Tipoff: 5:00 p.m. PST | Target Center | Minneapolis, MN | Game Notes »




MINNEAPOLIS – The Clippers’ eight-game, two-week road trip begins Wednesday at Target Center where they take on the Minnesota Timberwolves for the second time this month.

The trip, which ends Feb. 11 in Philadelphia, spans more than 7,500 miles.

“It’s going to be pretty hard, but we’re looking forward to the challenge though,” Eric Bledsoe said.

The Clippers (33-13) remain atop the Pacific Division, but the belief, at least according to Lamar Odom, is that they will have a better idea of where they stand in comparison to the rest of the NBA once they return from a trip that will consume nearly 20% of their road games in one fell swoop.

It will likely begin without Chris Paul, who is considered a game-time decision with a bruised right kneecap, and Chauncey Billups, who continues to work his way back from peroneal tendinitis in his left foot. Both Paul and Billups are with the team on the trip.

The Timberwolves (17-24) enter Wednesday’s matchup on a four-game losing streak, the same number of games they had lost in a row before facing the Clippers two weeks ago in the Twin Cities. The Clippers won that game, 90-77, and Minnesota, ravaged by injuries, through most of the season lost center Nikola Pekovic to a bruised quad in the third quarter.

Minnesota is 1-9 in their last 10 games, but Pekovic is expected to return Wednesday as is guard Alexey Shved (sprained ankle).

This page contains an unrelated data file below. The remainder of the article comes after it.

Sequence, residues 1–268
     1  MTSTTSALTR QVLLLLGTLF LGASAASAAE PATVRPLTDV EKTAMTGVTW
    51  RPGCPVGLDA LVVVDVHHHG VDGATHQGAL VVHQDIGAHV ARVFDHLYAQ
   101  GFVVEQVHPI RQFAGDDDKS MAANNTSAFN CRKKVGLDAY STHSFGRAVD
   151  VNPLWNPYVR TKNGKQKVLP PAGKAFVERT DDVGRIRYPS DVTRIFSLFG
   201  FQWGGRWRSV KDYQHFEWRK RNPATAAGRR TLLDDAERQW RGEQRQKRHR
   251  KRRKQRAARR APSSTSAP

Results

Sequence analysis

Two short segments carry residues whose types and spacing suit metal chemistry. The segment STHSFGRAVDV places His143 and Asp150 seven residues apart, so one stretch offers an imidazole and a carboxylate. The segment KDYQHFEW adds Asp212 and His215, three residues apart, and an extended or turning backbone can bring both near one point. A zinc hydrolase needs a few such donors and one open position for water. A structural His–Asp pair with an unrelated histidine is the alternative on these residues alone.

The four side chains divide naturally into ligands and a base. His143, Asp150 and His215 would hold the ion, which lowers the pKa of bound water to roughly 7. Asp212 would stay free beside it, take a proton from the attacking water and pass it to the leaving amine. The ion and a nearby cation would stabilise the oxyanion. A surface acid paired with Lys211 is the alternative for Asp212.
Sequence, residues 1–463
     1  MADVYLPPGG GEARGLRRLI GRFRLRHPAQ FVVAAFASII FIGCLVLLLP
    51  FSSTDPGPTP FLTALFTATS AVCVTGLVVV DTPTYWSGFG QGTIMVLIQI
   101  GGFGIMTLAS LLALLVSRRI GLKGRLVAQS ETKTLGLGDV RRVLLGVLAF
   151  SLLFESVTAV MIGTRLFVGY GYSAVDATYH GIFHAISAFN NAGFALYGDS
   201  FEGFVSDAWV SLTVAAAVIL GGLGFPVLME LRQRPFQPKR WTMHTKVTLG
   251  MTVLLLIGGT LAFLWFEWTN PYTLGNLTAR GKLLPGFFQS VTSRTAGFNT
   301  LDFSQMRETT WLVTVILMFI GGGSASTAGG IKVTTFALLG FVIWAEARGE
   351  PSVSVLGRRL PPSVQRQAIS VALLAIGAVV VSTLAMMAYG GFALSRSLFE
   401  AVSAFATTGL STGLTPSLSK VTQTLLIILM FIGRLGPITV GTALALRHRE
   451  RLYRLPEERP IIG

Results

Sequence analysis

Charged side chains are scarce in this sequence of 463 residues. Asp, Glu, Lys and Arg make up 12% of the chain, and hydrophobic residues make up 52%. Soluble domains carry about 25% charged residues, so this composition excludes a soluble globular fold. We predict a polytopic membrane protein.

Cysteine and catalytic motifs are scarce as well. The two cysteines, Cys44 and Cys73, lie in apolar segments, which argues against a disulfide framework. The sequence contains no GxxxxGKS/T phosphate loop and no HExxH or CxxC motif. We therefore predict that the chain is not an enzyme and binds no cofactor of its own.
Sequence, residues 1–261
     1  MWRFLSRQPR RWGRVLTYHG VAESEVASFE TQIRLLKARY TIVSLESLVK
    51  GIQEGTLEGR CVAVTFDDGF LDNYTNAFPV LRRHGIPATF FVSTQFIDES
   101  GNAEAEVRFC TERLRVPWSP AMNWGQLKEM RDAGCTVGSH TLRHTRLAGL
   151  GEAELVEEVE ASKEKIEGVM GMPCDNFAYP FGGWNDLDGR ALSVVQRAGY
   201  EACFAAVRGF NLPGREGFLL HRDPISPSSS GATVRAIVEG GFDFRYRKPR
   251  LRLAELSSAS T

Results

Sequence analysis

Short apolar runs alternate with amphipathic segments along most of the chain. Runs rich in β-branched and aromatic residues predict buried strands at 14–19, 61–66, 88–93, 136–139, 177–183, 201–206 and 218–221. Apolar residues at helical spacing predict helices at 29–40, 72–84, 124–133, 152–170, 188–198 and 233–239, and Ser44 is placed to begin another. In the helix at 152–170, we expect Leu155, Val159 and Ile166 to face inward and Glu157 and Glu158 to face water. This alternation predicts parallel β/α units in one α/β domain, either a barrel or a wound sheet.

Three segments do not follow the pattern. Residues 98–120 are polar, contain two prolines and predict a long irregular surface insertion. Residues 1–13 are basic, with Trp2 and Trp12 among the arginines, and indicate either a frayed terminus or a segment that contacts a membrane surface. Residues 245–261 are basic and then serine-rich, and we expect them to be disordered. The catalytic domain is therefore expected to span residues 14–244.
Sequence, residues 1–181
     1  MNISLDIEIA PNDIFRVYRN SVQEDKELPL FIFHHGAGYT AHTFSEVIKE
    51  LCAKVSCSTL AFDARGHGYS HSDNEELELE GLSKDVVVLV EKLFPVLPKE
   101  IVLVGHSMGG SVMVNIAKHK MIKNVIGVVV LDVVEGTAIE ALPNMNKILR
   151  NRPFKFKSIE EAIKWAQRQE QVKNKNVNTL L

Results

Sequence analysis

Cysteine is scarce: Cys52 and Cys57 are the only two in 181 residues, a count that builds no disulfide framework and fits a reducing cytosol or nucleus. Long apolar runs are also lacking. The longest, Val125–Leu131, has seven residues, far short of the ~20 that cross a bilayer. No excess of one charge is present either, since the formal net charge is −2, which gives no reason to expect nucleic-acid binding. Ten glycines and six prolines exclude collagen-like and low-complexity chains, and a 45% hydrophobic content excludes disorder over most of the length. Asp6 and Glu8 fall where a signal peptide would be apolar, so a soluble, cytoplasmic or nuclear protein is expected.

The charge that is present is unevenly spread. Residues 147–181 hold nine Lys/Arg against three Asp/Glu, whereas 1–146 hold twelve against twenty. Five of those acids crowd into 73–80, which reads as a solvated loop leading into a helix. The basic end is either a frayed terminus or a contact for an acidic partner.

Head Coach Rick Adelman will make his return to the sideline as well. Adelman missed the previous 11 games to be with his wife, Mary Kay, while she was undergoing medical treatment.


Clippers 96, Trail Blazers 83: In their fourth straight game without Paul, the Clippers erased a four-game losing streak (Paul last played in their Jan. 21 loss to Golden State), by pulling away from Portland in the second half Sunday. It was the second of two games in row against the Blazers and came less than 24 hours after a one-point loss in the Northwest. On Sunday, though, the Clippers’ defense appeared back to where it was earlier in the season.

“We obviously executed a little better,” Clippers head coach Vinny Del Negro said. “I liked our intensity in the second half, did a better job guarding the three. [Nicolas] Batum, [Wesley] Matthews, obviously [Damian] Lillard, they get [shots] up and we were very productive there. But overall I thought our intensity was good in the second half defensively.”